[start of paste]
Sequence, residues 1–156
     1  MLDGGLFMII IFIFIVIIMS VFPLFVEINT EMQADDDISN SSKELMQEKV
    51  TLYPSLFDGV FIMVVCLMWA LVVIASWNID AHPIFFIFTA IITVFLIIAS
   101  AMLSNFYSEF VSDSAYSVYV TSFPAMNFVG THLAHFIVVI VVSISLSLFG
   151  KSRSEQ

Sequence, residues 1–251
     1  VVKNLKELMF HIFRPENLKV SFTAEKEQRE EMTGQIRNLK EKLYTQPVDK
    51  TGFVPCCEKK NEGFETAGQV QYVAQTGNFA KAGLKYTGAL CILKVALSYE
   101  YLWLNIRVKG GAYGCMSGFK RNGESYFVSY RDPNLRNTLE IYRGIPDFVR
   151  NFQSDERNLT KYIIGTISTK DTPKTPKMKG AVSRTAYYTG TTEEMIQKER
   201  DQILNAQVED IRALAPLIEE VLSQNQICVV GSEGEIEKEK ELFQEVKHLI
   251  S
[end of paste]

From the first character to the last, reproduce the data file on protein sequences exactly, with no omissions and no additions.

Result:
Sequence, residues 1–156
     1  MLDGGLFMII IFIFIVIIMS VFPLFVEINT EMQADDDISN SSKELMQEKV
    51  TLYPSLFDGV FIMVVCLMWA LVVIASWNID AHPIFFIFTA IITVFLIIAS
   101  AMLSNFYSEF VSDSAYSVYV TSFPAMNFVG THLAHFIVVI VVSISLSLFG
   151  KSRSEQ

Sequence, residues 1–251
     1  VVKNLKELMF HIFRPENLKV SFTAEKEQRE EMTGQIRNLK EKLYTQPVDK
    51  TGFVPCCEKK NEGFETAGQV QYVAQTGNFA KAGLKYTGAL CILKVALSYE
   101  YLWLNIRVKG GAYGCMSGFK RNGESYFVSY RDPNLRNTLE IYRGIPDFVR
   151  NFQSDERNLT KYIIGTISTK DTPKTPKMKG AVSRTAYYTG TTEEMIQKER
   201  DQILNAQVED IRALAPLIEE VLSQNQICVV GSEGEIEKEK ELFQEVKHLI
   251  S